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Author Topic: Filesystem compare your Running System against the tinycore.gz initrd file  (Read 3397 times)

Offline ixbrian

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I am working on a script that will compare the filesystem on your running Tiny Core system against the tinycore.gz (or microcore.gz) initrd file.  It will show you the following:

-Files that only appear in the initrd and not the running system
-Files that only appear in the running filesystem and not the initrd
-Files that appear both places but have different contents
-Files that are identical in your running system and initrd and are included in your backup (you might want to consider excluding these files from backup) - As suggested by tinypoodle

In addition to just listing the files out, it will highlight in green the files that are in your mydata.tgz backup.  

I think this will be useful for the following reasons:

-You can easily run this to see what is possibly missing from your backup before you reboot.   For example, if you run the "adduser" command to add a user, you can run this script and it will show you that the /etc/passwd and /etc/shadow have different contents in the running system verses the initrd, and if they are not green in the list that means they are not included in your backup and these changes will be lost upon reboot.   If they are green, then you know they will be included in your backup.  

-If you upgrade to a new version of Tiny Core, you can run the script to easily see what files have changed between your backup and the new version of Tiny Core.  

-You can see if you have files being backed up that don't need to be included in your backup because they are identical to what is in the initrd.  

The script is attached to this post (you must be logged in to the forum to download).   It will run in Tiny Core Base with no additional extensions required.  The script is a proof of concept and could use some work.  If you find this useful let me know and I will continue to work on it.  

Thanks,
Brian
« Last Edit: August 08, 2010, 11:32:31 AM by ixbrian »

Offline tinypoodle

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What about an option of distinguishing files which are identical in the initrd and the running system with a separate colour? This could assist in eliminating redundant files from backup. e.g. when "home" is an entry in .filetool.lst (default), one could then add all the identical files to .xfiletool.lst .

(Haven't had a chance to test the script as I am currently running booted via netboot)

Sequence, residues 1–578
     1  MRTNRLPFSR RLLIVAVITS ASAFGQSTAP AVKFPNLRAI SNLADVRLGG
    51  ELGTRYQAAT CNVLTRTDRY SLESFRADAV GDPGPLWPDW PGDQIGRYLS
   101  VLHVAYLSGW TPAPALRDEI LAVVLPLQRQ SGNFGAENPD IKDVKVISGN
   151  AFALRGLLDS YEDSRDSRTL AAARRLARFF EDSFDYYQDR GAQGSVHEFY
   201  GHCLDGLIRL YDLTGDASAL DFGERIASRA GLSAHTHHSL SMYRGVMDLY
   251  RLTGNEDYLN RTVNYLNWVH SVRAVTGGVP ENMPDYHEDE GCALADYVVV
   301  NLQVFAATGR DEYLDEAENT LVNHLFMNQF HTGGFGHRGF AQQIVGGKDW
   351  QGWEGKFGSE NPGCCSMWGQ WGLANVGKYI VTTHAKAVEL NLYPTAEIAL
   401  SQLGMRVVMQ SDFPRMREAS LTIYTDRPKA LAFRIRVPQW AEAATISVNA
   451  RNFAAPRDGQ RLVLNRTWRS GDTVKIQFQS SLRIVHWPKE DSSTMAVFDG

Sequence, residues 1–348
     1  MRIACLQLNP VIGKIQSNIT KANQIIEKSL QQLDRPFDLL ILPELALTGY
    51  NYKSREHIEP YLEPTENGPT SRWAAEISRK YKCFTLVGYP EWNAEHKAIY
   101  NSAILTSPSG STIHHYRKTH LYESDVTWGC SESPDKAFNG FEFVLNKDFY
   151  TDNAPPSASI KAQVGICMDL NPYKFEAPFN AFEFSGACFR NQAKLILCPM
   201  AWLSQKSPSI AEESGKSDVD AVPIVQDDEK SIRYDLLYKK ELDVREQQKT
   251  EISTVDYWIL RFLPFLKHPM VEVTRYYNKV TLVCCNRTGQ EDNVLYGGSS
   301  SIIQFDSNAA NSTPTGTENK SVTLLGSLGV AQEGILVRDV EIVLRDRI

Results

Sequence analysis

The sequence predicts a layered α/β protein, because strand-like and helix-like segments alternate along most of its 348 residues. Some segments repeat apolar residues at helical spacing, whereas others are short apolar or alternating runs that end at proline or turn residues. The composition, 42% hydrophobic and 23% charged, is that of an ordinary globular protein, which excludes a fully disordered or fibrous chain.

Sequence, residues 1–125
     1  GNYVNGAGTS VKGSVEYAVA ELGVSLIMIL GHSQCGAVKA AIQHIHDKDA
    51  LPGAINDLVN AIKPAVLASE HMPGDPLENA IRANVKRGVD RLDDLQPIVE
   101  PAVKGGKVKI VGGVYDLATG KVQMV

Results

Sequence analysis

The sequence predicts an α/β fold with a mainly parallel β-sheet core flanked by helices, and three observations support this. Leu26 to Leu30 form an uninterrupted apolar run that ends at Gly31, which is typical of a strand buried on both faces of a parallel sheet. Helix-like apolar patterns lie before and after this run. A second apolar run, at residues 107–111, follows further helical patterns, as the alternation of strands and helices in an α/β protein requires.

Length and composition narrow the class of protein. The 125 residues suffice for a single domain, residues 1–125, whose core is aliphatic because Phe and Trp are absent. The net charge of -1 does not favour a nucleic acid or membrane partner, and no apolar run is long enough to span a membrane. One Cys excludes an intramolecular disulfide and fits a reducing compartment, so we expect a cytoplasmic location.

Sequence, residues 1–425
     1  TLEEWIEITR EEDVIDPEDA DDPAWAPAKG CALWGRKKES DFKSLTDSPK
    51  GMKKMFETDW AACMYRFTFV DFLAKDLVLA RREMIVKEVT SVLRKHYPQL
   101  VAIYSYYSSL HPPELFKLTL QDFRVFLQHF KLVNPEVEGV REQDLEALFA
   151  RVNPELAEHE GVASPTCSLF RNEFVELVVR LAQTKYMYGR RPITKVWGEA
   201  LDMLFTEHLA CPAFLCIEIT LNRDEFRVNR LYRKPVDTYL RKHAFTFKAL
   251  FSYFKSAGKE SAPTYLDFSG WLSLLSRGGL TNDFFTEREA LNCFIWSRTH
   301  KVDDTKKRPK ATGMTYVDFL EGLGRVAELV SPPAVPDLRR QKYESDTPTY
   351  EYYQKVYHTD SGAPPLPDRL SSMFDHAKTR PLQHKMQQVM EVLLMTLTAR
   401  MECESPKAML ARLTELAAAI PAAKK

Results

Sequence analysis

"Software gets slower faster than hardware gets faster." Niklaus Wirth - A Plea for Lean Software (1995)

Offline ixbrian

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What about an option of distinguishing files which are identical in the initrd and the running system with a separate colour? This could assist in eliminating redundant files from backup. e.g. when "home" is an entry in .filetool.lst (default), one could then add all the identical files to .xfiletool.lst .

(Haven't had a chance to test the script as I am currently running booted via netboot)

That's a great idea.   I added a new section that shows files that are identical between your running system and the initrd and which are also included in your backup.  This will make it easy to see if you have files in your backup that are probably not needed in the backup as you suggested.

I also fixed a bug that came up if you had directories with spaces in the name.  

The updated version is attached to the first post in this thread.  

Thanks again for the suggestion.

Brian

Offline tinypoodle

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How are files contained in backup defined?
Based on state of .filetool.lst/.xfiletool.lst at time of running script?
Or based on last saved mydata.tgz?
"Software gets slower faster than hardware gets faster." Niklaus Wirth - A Plea for Lean Software (1995)

Offline ixbrian

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How are files contained in backup defined?
Based on state of .filetool.lst/.xfiletool.lst at time of running script?
Or based on last saved mydata.tgz?

The script gets a list of files contained in your current mydata.tgz, it does not read .filetool.lst or .xfiletool.lst at all.

Brian